Macquarie University
01whole.pdf (2.77 MB)

Empirical analysis of privacy-preserving technologies for web and mobile platform

Download (2.77 MB)
posted on 2022-08-10, 03:50 authored by Saad Sajid Hashmi

Users are increasingly concerned about their privacy and security. Thus they opt for more secure and privacy-preserving systems to ensure the security and privacy of their sensitive data. These systems are employed to block privacy-intrusive ads, actions, and prevent malicious activities. Currently, websites often employ third-party ad and tracking services leveraging cookies and JavaScript code to deliver ads and track users’ behavior. This raises privacy concerns. Many “ad-blocking” blacklists comprise of URLs and domains of ads and tracking services to limit online tracking and block advertisements. Are the ad-blocking tools and compliance of mobile applications (apps) with their privacy policy getting better or worse over time? In this dissertation, we answer this question by conducting a longitudinal study of popular websites and apps, spanning eight years. We investigate the evolution of ads and tracking services and subsequently evaluate the effectiveness of these ad-blocking blacklists. The results show that ad and tracking domains in websites change over time, and some blacklists are more effective in blocking ad and tracking domains. This research shows that ad-blocking blacklists (or filter-lists) are updated by prioritizing ads and tracking domains reported in the top or popular websites of the United States, Canada, and the United Kingdom. Ad-blocking lists operate in a crowd-sourcing manner, where privacy activists continuously add new tracking domains (or rules) and discard the redundant domains from the filter-list. Longitudinally over time, the number of rules added can outgrow the number of rules omitted, making the managing of filter-lists a challenge. This research work empirically observes that the filter-lists mostly detect different ad and tracking domains. Ad-blocking blacklists can be bulky (long); however, there is a tiny percentage of ad and tracking domains found on popular websites. This suggests the need to curate an optimized filter-list that provides high coverage and faster response time to scan and block a given domain on mobile devices. This research develops a technique to create an aggregated and filtered blacklist that is reduced several times; thus, far less bulky. Our aim in this research is to create a new shorter (lean) filter-list that provides the same coverage as the union of the blacklists on top websites. The research also develops an update mechanism to integrate new ad and tracking domains in the aggregated and filtered blacklist in a resource-efficient manner. Furthermore, we investigate the Android apps and compare the users’ personally identifiable information (PII) as disclosed in the privacy policies of those apps with the PII leaks detected in the static and dynamic analysis. One of the prime conclusions of this research is that newer app versions leak more PII while disclosing fewer PII collections in their privacy policies. In summary, users are unaware that apps are collecting sensitive information. Additionally, the companies to which this information is leaked, are not disclosed in the privacy policies. By noticing the non-compliance between the actual and purported data practices, this study observes that many apps go contrary to the “notice and choice” principle when users install the app.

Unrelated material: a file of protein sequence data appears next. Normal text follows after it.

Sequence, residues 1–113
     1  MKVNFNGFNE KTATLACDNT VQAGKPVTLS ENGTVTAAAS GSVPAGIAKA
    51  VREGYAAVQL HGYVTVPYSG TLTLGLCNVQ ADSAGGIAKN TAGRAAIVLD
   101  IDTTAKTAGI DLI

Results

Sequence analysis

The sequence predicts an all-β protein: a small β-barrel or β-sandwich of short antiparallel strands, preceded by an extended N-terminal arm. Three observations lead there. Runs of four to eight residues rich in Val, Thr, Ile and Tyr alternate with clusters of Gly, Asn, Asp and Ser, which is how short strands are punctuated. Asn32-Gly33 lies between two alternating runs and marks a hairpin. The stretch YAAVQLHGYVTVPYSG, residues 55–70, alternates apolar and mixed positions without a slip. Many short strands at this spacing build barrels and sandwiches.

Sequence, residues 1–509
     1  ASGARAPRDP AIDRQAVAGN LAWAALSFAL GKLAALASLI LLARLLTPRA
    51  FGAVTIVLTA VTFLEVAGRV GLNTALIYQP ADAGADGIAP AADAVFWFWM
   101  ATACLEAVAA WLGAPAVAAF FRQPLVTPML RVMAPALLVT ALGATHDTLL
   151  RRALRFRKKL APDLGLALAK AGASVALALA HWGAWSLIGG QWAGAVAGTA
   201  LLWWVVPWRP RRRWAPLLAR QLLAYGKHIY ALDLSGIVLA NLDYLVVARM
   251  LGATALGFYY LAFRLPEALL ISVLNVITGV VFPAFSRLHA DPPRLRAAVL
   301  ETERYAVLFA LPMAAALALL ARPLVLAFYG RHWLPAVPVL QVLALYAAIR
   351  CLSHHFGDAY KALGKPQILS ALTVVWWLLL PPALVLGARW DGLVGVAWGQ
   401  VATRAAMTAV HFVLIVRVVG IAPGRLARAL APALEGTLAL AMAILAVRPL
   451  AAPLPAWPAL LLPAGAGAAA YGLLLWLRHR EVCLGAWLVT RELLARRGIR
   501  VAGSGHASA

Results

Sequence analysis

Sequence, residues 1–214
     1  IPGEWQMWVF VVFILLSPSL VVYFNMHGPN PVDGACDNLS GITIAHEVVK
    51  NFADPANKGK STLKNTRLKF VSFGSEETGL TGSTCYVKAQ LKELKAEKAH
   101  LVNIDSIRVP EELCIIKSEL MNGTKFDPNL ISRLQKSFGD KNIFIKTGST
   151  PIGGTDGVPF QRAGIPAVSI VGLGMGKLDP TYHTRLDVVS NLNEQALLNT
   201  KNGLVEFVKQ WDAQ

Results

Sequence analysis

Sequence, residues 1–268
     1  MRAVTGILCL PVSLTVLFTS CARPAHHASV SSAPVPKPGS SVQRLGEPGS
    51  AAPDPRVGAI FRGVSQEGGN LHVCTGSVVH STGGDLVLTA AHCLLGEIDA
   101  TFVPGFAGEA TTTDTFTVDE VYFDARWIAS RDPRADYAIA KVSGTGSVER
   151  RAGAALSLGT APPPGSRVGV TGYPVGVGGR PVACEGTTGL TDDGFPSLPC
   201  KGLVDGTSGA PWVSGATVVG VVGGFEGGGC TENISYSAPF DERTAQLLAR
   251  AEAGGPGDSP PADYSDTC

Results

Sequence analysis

Table of Contents

1 Introduction – 2 Background and definitions – 3 Related work – 4 Analysis of online ad-blocking blacklists: a longitudinal study – 5 On optimization of ad-blocking lists for mobile devices – 6 Compliance analysis of Android applications: a longitudinal study – 7 Conclusion – Appendix – References


A thesis submitted to Macquarie University for the degree of Doctor of Philosophy

Awarding Institution

Macquarie University

Degree Type

Thesis PhD


Thesis (PhD), Department of Computing, Faculty of Science and Engineering, Macquarie University

Department, Centre or School

Department of Computing

Year of Award


Principal Supervisor

Stephen Smith

Additional Supervisor 1

Muhammad Ikram


Copyright: The Author Copyright disclaimer:




166 pages

Usage metrics

    Macquarie University Theses


    Ref. manager